Building a comic, panel by panel

I always like behind-the-scenes documentaries, so with the permission of artist Niki Smith, my collaborator on In Maps & Legends, I’m going to do a short how-to of the creation of the first four panels of our online comic.

Frankly, I’m amazed at how fast and how efficiently the comic came together. And the art is simply awesome. I take no credit — I just put down the words and some ideas for the pages. Starting with…

Step 1: The Script

I’ve never written a comic script before, so the format was pretty loose and non-standard. I’d had the idea for the comic for a while, and it actually started life as a novel that I’d never finished. So I did some tweaking, studied some comics scripts (thank you, Neil Gaiman, for Sandman!), and used an alternate version of my novel’s opening.

Here’s what I sent to Niki:

Panel 1: Close-up of X-Acto knife pointed at wall (can’t see details of wall yet, just vague smudges), light glinting off tip, though the room is full of shadows from the little lamp on the floor next to Kait. Show Kait’s dust-coated hand holding the knife, with a cool ring on one finger?


Panel 2: Pull back more to show Kait’s finger delicately brushing away dust from the two-foot-long gouge she’s just cut into the wall, giving more hints of the rocks embedded into the wall around it, so it’s clear this isn’t the first time she’s hacked stuff into the wall of her spare room.

Sound Effect: BOM-BIDDY-BOOM. [Add sound effect for the cutting sound, too?]

Panel 3: Zoom out a bit from the first panel (or maybe vice versa?) as the knife cuts a long gouge into the off-gray sheetrock of her wall, with the cut section dangling in mid-air like the skin of a snake off the end of Kait’s knife. The gouge is a valley surrounded by what appear to be rocks representing mountains


Panel 4: Kait’s face and the knife in front of her, her face full of shadows from the lone lamp sitting on the bare floor next to her (no overhead light in this room, or the light’s switched off). She’s totally into the flow of her work, concentrating. Show a hint of her breath steaming out in the cold room?  She’s wearing a sweatshirt and fingerless gloves, flannel pajama pants, thick socks.

Caption/special effect: BOM-BIDDY-BOOM, BOOM BOOM

I had a lot of suggestions and questions, and also sent her some photos of the setting. I didn’t want to insult her by over-explaining. I think we hit a good balance.

I emailed that off to Niki (we’ve never actually met in person — we actually got in touch via Twitter!), and she took the script and ran with it, starting with…

Step 2: The Thumbnails

As soon as I saw these, I knew I was in good hands… I tried doing some thumbnails myself, but gave up after panel two.

Thumbnails for IN MAPS & LEGENDS(Click any of the images to view a larger version)

Niki did thumbnails for all eight pages in a day or two, and emailed ’em back to me. I was blown away. She nailed it. But that did nothing to prepare me for…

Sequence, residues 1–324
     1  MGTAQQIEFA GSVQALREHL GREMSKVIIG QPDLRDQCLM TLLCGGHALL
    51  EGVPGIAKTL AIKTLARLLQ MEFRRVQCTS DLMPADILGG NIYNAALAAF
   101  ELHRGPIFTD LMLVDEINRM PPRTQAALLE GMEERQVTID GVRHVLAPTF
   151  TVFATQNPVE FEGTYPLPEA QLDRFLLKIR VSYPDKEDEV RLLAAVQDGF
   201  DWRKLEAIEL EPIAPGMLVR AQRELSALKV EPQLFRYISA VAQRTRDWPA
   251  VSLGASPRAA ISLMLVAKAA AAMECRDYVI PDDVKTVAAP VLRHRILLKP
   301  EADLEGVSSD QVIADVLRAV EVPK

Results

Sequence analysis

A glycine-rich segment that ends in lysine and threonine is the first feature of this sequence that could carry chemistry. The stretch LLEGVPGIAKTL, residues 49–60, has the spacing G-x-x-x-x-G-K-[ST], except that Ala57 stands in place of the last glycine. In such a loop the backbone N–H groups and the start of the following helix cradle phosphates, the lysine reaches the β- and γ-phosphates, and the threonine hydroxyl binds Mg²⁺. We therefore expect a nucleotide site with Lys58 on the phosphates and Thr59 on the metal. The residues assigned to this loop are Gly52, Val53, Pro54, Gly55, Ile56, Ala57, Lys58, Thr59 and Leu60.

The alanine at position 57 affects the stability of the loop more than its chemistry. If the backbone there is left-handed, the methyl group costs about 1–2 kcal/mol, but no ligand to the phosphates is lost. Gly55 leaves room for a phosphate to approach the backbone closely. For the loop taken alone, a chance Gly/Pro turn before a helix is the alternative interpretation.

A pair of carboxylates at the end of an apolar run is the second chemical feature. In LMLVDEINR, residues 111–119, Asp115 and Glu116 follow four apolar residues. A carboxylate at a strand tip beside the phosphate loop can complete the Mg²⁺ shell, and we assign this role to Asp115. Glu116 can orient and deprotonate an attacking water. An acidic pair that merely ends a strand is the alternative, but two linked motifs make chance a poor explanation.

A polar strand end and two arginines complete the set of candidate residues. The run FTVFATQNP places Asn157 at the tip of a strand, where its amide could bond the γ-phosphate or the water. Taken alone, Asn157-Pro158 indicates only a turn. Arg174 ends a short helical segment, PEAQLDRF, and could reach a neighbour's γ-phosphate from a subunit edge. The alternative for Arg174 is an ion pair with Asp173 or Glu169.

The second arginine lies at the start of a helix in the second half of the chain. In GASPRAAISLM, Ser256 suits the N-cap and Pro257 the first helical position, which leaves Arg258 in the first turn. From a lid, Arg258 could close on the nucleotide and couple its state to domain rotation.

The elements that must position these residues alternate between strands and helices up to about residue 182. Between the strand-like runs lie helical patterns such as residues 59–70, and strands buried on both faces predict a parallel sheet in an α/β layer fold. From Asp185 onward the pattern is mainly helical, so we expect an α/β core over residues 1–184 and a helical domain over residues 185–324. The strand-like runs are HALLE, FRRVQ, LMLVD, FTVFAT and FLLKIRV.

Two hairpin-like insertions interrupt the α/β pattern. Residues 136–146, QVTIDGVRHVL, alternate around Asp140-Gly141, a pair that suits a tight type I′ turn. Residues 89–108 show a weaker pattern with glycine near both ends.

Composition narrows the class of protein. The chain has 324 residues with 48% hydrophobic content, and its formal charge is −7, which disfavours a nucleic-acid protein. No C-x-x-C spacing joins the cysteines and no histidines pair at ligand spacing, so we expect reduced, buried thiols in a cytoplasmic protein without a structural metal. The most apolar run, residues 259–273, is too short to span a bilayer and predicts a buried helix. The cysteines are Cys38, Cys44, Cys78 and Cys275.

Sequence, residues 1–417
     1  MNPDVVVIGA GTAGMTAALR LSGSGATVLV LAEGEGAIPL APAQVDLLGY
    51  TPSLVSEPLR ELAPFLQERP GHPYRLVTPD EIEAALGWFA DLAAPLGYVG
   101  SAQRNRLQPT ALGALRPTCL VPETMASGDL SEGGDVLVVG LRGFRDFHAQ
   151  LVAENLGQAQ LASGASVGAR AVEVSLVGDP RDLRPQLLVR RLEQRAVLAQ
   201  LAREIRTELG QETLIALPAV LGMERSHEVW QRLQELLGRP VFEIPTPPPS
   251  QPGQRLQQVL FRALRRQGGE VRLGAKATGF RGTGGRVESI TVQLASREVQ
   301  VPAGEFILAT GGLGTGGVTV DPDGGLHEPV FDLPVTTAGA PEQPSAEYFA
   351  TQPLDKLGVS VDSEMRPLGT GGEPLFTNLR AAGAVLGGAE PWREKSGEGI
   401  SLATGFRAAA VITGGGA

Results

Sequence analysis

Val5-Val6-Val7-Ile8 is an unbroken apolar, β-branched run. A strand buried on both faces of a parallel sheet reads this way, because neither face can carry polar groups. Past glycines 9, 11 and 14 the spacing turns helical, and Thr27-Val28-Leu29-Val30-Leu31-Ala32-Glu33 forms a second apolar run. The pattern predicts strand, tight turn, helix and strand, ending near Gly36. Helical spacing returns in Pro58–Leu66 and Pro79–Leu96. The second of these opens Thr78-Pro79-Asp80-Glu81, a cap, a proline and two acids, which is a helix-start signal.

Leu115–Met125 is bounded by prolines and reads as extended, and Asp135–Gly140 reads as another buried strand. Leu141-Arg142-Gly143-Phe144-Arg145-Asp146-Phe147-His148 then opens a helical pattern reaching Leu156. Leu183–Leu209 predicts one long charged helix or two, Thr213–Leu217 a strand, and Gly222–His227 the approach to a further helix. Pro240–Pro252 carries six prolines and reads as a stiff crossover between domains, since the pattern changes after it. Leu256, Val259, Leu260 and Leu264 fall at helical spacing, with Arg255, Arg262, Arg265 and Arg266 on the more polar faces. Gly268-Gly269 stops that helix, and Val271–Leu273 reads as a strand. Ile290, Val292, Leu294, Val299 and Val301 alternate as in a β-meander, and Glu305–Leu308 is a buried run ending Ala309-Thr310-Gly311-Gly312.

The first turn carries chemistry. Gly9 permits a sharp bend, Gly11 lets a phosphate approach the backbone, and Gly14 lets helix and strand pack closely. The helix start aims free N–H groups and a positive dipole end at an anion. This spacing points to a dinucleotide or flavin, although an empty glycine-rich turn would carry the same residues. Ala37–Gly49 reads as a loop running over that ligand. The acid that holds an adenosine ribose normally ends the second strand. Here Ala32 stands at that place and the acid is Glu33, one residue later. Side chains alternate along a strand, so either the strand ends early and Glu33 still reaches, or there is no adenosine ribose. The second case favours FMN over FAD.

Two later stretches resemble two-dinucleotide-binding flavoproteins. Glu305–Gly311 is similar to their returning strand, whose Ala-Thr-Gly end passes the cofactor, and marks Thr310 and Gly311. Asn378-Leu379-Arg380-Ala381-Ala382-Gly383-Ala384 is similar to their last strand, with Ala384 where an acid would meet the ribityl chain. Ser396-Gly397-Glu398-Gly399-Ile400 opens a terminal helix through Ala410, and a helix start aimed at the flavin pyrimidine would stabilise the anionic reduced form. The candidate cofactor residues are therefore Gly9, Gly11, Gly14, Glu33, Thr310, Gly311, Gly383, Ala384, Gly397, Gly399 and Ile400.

Step 3: The Pencils

Pencils for IN MAPS & LEGENDS

Now it was getting fun. Niki’s art matched my imagined characters and settings, and then some. Let’s let Niki take over from here…

Niki: “I put together the panel layouts for all the screens in Photoshop first, with word balloons and caption boxes already dropped in, so I’d have an idea of how much space I had to work with. They were printed out in really light blue, and I did the sketch with a non-photo blue pencil.”

Step 4: The Inks


The inks. Holy cow. The inks…!

Niki: “The sketches were inked, and scanned back in. I drop out the blue channel in Photoshop to get rid of the sketch without having to erase. The panel borders were done digitally, along with the word balloons. At this point, we re-thought where our title should go, and ended up dropping out some inner monologue as a result.”

Step 5: The Colors (and the finished product!)

Final, colored version of IN MAPS & LEGENDS!

All I can say is this: the comic leaps off the screen now with color. How’d she do it?

Niki: “Colors and text! Everything is done in Photoshop from here on in. I layered photo textures and flats to get the look I wanted. The first page of a project is always a matter of experimentation for me, as I figure out what works best. The map layers were the last step of the process, so I could make sure that it was all coherent together.”

And that’s the process, in a nutshell. All told, I think it took us maybe five weeks this past summer to get the comic in shape, from script to finished version. We submitted it for the competition on August 25th, and got the news that we’d made it into the competition on October 26th.

We really hope to continue the story, soon (so don’t forget to read, vote, favorite, etc.). Can’t wait to show you what’s through that door on page 8…


8 thoughts on “Building a comic, panel by panel

    1. Thanks, Martin! Writing comics has been a blast so far — different from writing novels and stories, and even better in some ways, especially getting to see the finished product so soon.

      Thanks again for dropping by!


  1. Thanks, Martin! Writing comics has been a blast so far — different from writing novels and stories, and even better in some ways, especially getting to see the finished product so soon.

    Thanks again for dropping by!


  2. Fascinating account; your descriptions, as always, totally vivid. Really liked the way the comic turned out, start to finish.


    1. Thanks, Sarah! I’m glad you liked it — I know you have high standards. Whew.

      Hope you went through the trouble of voting — the ol’ race is tightening up! Tell your friends, far and wide, etc. 🙂


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